Like most vegans (and like myself, whose research for this article took me to some pretty dark places), her dietary transformation started with investigations into the dairy and egg industry. Celia tells of the  ‘horrors’ she found on the treatment of animals by fast-food brands, which ultimately caused her to commit to full veganism. “It is just the right thing to do”, she said.

The connotation of vegan food, specifically in South Africa, is that it is expensive and hard to come by. While this is not entirely true, committing to a full vegan lifestyle is inconvenient, difficult to maintain (my withdrawal from Lindt would be crippling) and yes, more financially strenuous. 

When I asked Celia how her conversion to strict veganism influenced her relationship with food, she said that paying attention to labels and ingredients “made me more aware of what I put in my body.” Instead of seeing her diet change as a sacrifice of certain dishes and tastes, Celia views her decision as an undeniably positive one. “I know exactly what I am putting in [to my body] and what makes me feel the best” she added.

All this talk about veganism and the idea of a positive diet change made me think of my honours year in university, in which I wrote an essay for my final examination on the Anthropocene (say that three times in a row). I studied and wrote on various advertisements by PETA (People for the Ethical Treatment of Animals): an organisation renowned for using shock tactics and confrontational images to draw attention to animal cruelty (below is one of the less graphic, more ‘tame’ PETA advertisements urging people to boycott Canada Goose).

Like most sensitive and compassionate souls, seeing these confrontational images of animals in distress at the hands of humans, while unsuspectingly scrolling through Facebook, repulses me.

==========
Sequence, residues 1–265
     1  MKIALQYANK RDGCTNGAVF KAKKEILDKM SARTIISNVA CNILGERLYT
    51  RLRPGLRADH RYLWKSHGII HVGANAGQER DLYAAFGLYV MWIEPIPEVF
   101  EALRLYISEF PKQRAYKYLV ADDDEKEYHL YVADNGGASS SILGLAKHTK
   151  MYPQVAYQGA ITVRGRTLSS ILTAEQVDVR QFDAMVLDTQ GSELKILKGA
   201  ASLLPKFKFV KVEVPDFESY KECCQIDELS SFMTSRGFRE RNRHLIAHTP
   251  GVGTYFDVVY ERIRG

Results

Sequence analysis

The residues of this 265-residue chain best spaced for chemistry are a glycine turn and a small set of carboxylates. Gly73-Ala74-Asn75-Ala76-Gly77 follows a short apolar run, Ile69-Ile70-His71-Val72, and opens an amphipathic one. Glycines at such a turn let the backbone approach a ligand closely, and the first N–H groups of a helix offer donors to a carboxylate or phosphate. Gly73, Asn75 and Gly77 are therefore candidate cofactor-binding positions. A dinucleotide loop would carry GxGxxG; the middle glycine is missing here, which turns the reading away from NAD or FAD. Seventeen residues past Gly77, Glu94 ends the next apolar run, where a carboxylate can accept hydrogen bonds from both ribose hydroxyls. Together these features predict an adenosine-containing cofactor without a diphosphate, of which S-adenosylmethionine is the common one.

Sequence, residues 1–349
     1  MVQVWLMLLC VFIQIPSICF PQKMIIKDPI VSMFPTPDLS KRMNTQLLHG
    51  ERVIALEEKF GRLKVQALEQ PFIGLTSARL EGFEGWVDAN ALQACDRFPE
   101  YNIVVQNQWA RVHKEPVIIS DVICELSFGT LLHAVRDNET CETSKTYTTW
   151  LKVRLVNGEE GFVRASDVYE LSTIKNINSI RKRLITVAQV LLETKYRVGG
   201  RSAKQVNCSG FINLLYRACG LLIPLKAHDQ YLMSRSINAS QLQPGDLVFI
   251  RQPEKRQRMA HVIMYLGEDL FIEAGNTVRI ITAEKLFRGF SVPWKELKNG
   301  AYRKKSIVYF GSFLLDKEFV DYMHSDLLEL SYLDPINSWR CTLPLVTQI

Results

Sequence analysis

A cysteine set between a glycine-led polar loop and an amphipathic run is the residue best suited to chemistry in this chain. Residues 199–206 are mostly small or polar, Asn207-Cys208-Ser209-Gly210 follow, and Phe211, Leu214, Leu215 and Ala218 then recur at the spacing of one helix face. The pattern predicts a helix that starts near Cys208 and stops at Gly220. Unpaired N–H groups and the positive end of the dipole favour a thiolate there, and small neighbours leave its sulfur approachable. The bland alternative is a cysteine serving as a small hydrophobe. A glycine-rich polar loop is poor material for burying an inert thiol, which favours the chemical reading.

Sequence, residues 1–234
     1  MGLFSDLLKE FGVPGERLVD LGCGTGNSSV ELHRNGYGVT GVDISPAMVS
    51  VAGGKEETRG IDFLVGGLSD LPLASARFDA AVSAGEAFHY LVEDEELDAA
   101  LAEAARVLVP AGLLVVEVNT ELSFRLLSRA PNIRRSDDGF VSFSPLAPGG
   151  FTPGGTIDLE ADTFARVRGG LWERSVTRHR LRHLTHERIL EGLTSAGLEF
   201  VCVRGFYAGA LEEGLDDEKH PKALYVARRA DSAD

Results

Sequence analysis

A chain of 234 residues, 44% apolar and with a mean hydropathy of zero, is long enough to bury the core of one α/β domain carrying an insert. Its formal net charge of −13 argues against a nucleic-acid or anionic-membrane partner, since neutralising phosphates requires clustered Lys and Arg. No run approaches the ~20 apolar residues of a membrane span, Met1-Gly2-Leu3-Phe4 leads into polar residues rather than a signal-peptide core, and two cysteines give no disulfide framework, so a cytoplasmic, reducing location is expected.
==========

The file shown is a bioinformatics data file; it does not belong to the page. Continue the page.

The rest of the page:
This repulsion always makes me think whether these shock tactics are the most efficient in educating people and spreading the message of veganism.

“I know that people who support PETA could be ‘aggressively vegan’ – they almost want to force their [beliefs] on other people”, replied Celia when I asked for her opinion on PETA’s techniques. “But”, she added, “I also support PETA because they are for treating animals with respect: for not killing and abusing animals, or using animals for things that we don’t need”. Convincing someone to go vegan should rather be done by setting a positive example and “explaining how it has affected my life and how it is a positive thing” explains Celia. ” At the end of the day,” she added, “veganism is about being kind and treating all other beings with kindness.” To this end, Celia believes that “people need to be made aware of where their food is coming from” because “there is an abundance of other food for us to eat that didn’t require the death of animals…”.